May 22, 2009 - New data presented yesterday at EuroPCR from an international, post-approval, single-arm study show that Abbott's XIENCE V Everolimus Eluting Coronary Stent System demonstrated low rates of repeat procedure (target lesion revascularization), stent thrombosis and major adverse cardiac events (MACE) in a complex patient population.
In the SPIRIT V study, XIENCE V demonstrated a very low 1.8 percent rate of target lesion revascularization (TLR), a 0.7 percent rate of stent thrombosis and a 5.1 percent rate of MACE at one year. MACE is an important composite clinical measure of safety and efficacy outcomes for patients, defined as cardiac death, heart attack (myocardial infarction attributed to the target vessel), and TLR driven by lack of blood supply. The SPIRIT V study evaluated XIENCE V in a diverse, "real world" population of patients and lesion types, including diabetics, patients with multi-vessel disease and patients with highly complex lesions.
"The data from real-world studies are valuable because they reflect a broad patient population that is more representative of the spectrum of disease seen in a typical interventional cardiology practice," said Eberhard Grube, M.D., chief, department of cardiology and angiology, Heart Center Sieburg, Germany and principal investigator of the SPIRIT V study. "The one-year results from SPIRIT V indicate that even in a patient population with a high percentage of complex lesions, XIENCE V exhibits remarkably low event rates, similar to what was seen when XIENCE V was studied in controlled, randomized SPIRIT studies."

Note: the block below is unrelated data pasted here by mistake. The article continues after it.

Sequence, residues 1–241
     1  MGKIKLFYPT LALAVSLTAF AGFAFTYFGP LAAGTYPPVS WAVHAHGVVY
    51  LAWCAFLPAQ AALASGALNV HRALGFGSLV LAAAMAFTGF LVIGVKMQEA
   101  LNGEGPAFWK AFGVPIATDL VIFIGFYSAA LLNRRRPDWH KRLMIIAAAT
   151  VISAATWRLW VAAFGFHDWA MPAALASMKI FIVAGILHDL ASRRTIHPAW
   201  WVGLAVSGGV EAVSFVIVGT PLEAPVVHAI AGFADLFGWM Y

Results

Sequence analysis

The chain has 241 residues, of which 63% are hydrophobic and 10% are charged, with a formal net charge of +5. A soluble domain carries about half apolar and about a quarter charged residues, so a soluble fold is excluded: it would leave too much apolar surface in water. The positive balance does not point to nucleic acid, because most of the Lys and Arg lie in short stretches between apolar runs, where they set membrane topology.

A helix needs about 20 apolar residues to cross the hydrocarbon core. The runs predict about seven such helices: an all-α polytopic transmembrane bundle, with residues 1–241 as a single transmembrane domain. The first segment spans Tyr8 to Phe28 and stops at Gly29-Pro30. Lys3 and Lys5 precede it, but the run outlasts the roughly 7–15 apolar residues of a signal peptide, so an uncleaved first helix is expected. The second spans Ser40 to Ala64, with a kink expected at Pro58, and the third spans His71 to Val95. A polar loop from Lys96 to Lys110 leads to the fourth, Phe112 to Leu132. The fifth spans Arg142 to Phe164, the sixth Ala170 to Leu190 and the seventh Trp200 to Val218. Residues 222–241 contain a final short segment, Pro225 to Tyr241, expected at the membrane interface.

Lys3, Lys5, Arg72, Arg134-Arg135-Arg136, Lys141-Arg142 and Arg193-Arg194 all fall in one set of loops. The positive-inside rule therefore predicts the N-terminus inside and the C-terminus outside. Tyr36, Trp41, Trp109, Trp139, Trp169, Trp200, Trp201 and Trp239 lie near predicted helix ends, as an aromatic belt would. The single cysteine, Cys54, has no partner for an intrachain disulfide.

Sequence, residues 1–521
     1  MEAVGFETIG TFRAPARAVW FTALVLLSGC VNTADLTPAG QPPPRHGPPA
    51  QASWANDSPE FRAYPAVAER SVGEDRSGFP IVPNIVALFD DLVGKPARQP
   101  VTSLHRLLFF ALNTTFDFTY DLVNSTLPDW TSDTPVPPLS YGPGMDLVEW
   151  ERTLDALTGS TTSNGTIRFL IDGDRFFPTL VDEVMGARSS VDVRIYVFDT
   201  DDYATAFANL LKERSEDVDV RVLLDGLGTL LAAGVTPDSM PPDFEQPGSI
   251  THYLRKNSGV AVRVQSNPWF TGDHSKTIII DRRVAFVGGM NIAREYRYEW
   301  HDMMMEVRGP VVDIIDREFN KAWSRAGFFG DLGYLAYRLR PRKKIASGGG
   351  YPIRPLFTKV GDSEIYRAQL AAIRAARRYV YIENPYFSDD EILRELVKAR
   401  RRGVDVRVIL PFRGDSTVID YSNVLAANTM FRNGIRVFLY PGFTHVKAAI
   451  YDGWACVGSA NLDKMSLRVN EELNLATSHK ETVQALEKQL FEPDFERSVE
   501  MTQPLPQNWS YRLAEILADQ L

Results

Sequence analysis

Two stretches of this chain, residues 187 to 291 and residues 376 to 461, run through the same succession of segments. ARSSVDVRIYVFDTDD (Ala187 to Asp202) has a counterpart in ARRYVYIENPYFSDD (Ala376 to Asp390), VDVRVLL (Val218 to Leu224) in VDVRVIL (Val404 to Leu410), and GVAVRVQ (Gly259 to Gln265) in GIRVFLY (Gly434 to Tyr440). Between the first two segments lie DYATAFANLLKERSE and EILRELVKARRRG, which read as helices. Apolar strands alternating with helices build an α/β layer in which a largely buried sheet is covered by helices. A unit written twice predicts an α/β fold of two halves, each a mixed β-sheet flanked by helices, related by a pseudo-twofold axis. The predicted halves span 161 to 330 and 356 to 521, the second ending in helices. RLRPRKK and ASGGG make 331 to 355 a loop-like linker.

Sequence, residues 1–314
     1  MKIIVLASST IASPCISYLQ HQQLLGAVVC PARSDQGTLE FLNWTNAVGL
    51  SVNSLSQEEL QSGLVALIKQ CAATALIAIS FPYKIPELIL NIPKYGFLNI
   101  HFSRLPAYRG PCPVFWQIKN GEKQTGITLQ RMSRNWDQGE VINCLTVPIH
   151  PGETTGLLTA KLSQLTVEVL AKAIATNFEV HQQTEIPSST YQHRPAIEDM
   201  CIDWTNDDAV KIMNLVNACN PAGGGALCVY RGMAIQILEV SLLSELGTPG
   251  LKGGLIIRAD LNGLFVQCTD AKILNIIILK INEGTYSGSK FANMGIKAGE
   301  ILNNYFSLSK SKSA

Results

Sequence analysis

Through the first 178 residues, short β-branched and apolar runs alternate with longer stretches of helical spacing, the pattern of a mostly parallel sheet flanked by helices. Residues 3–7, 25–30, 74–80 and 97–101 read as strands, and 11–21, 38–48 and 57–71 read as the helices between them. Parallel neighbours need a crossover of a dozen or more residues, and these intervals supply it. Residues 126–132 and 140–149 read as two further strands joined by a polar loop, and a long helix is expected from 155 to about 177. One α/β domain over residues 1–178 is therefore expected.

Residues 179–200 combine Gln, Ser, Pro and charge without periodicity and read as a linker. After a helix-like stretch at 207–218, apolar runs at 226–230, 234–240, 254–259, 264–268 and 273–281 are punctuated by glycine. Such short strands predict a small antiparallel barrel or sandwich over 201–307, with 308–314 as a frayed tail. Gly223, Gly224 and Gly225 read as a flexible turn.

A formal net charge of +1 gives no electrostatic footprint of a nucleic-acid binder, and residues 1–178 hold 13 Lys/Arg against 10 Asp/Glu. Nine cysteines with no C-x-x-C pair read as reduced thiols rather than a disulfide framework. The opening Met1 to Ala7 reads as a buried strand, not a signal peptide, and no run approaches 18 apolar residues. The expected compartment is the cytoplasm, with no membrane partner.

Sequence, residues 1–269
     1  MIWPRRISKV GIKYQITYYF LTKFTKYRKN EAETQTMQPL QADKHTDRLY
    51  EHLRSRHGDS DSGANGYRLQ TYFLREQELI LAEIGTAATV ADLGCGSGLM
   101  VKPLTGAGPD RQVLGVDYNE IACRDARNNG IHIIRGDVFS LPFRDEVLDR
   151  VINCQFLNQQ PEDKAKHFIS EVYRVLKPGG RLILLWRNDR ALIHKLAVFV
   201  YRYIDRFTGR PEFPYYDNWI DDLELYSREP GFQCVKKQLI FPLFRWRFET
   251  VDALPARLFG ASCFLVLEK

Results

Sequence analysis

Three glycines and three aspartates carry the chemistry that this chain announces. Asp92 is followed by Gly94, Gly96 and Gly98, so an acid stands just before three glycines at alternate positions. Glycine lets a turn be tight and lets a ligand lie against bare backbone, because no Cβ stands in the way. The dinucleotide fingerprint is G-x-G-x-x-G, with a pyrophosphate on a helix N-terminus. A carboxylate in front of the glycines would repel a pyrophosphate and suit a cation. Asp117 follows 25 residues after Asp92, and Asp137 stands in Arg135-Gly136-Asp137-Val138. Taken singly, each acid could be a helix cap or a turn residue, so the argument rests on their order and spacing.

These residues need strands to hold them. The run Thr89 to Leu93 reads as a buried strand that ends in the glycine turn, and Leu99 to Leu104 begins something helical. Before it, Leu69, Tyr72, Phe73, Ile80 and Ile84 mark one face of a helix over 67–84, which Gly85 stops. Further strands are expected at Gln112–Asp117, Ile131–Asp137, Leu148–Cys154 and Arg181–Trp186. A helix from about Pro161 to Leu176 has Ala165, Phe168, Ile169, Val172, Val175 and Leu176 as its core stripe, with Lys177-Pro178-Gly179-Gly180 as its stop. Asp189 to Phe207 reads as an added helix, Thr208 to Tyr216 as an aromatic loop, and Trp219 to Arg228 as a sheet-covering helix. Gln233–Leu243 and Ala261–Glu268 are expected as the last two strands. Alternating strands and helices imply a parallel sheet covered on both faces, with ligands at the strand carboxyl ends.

SPIRIT V is an international, post-approval study of 2,663 patients. Approximately 100 clinical sites throughout Europe, Asia-Pacific and Canada are participating in the study, ensuring a patient population composed of multiple ethnic groups. The patient and lesion types studied in SPIRIT V include patients with diabetes (30 percent of patients; 794 patients), patients with multi-vessel disease (42 percent of patients; 1,107 patients), patients with highly complex lesions (lesion type B2 or C; 82 percent of lesions; 2,307 patients), patients with moderately or severely calcified lesions (29 percent of lesions; 809 patients), patients with longer lesions (equal to or greater than 20 mm; 28 percent of lesions; 911 patients) that need treatment, and patients with smaller vessels (reference vessel diameter equal to or less than 2.75 mm, 35 percent of lesions, 1,068 patients). The safety and efficacy of XIENCE V has not been established in the U.S. for patients with multi-vessel disease, patients with highly complex lesions (lesion type B2 or C), or patients with severely calcified lesions.
The primary endpoint of the study is a composite rate of all death, heart attack (myocardial infarction) and target vessel revascularization at 30 days, in which XIENCE V had a rate of 2.7 percent. At one year, the SPIRIT V study demonstrated the following positive results for XIENCE V:
• A 1.8 percent rate of repeat procedure to the treated lesion (TLR)
• A 0.7 percent cumulative rate of definite/probable stent thrombosis (to one year) and a low 0.2 percent rate of definite/probable late stent thrombosis (between 30 days and one year)
• A 5.1 percent rate of MACE
• A 1.1 percent rate of cardiac death
Abbott also presented five-year results from the SPIRIT FIRST trial, which was a 60-patient, first-in-man study comparing XIENCE V to the MULTI-LINK VISION Coronary Stent System. XIENCE V continued to demonstrate an excellent long-term safety profile with no MACE or stent thrombosis events between one and five years.
Abbott's next-generation drug eluting stent in development, the XIENCE PRIMETM Everolimus Eluting Coronary Stent System, utilizes the same drug and polymer as XIENCE V and is based upon the proven design of the MULTI-LINK family of stents. Abbott plans to make XIENCE PRIME available in an expanded size matrix, including XIENCE PRIME SV for small vessels and XIENCE PRIME LL for long lesions. XIENCE PRIME is pending CE mark and is not available for sale.
For more information: www.abbott.com